China is issuing the second version of the draft data protection law

On April 29, 2021, China published a second draft of the Data Protection Act (“Draft DSL”). The DSL draft can be publicly commented on until May 28, 2021.

While the scope of this version of the DSL draft is the same as the previous version published on July 3, 2020, we summarize the main changes in the second version of the DSL draft below.

Privacy policy based on hierarchical classification and category

Article 20 provides for a data protection directive to be established at national level based on the hierarchical classification and categorization of data and the “catalog of important data”. However, the draft DSL does not include a definition of key data that may be included in future implementing rules.

Management of cross-border data transfer

Article 30 distinguishes how the cross-border transfer of important data by operators of critical information infrastructures (“CII”) and other data processors is to be treated. In particular, China’s Cybersecurity Law would apply to managing the transfer of critical data collected and generated by CII operators while doing business in China. The Cyberspace Administration of China, together with the relevant department of the State Council, would establish relevant rules for the cross-border transfer of important data by other data processors.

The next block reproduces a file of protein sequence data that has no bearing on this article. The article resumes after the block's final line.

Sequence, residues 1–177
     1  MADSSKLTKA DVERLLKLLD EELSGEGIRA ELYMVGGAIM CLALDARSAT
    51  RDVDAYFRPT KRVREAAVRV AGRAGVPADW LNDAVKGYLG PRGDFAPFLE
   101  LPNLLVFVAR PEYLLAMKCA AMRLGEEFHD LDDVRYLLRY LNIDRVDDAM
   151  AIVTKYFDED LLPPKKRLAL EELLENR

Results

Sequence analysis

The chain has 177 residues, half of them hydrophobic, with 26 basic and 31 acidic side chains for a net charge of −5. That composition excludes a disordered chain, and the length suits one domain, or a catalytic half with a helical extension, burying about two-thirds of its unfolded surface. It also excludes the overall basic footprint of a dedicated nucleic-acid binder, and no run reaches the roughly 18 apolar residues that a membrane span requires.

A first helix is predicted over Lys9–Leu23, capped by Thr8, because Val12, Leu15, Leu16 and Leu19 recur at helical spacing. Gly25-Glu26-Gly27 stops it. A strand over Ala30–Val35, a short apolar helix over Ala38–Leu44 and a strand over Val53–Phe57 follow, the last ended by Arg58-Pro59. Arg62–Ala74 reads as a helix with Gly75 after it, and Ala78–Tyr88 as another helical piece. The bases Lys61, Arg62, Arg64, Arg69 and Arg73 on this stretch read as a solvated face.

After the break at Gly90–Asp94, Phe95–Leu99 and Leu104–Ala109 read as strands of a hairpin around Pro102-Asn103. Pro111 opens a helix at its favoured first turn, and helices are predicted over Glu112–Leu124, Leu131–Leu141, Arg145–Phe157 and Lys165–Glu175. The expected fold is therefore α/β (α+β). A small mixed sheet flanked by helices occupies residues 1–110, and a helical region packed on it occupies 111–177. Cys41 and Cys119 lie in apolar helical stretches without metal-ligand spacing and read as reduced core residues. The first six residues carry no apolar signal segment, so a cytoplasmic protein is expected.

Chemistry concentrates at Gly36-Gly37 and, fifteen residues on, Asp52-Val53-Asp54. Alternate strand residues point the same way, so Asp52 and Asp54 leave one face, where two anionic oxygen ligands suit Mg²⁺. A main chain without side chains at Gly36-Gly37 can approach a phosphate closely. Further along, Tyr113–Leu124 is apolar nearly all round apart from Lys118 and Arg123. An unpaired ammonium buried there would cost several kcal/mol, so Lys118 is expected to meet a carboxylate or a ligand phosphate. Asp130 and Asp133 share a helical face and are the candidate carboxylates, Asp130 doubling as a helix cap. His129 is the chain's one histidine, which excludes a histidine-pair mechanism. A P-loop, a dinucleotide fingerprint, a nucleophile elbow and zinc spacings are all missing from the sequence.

Licensable data processing service

Article 33 provides that service providers are given permits for relevant data processing services as required by laws and regulations. However, the DSL draft does not list the specific computing services that require a license.


Article 44 increases the severity of the sanctions considerably. In the event of non-fulfillment of obligations in connection with data security, fines between 50,000 and 500,000 RMB as well as correction and warning orders are imposed on data processors. In addition, fines between RMB 10,000 and RMB 100,000 are imposed for the personnel directly responsible for data processing and for other persons responsible for data processing. In cases where no corrections are made or serious consequences arise, data processors will be fined between 500,000 and 5 million RMB. In addition, these processors may be subject to suspensions or downtime, or the revocation of permits or business licenses. In the relevant cases of violations, persons directly responsible for data processing and other persons responsible for data processing will be fined between 50,000 and 500,000 RMB.

Article 46 provides penalties for the following types of data processing activities: (1) data processors deny access to data by public security and / or state security agencies under law in order to maintain national security or conduct criminal investigations; and (2) data processors make data available to a foreign judicial body or a law enforcement agency without the consent of a competent authority.

In addition, the DSL draft clarifies the definition of “data processing” and “data security” and deals with antitrust issues in connection with platforms, tiered obligations to protect cybersecurity and self-discipline rules in the industry.

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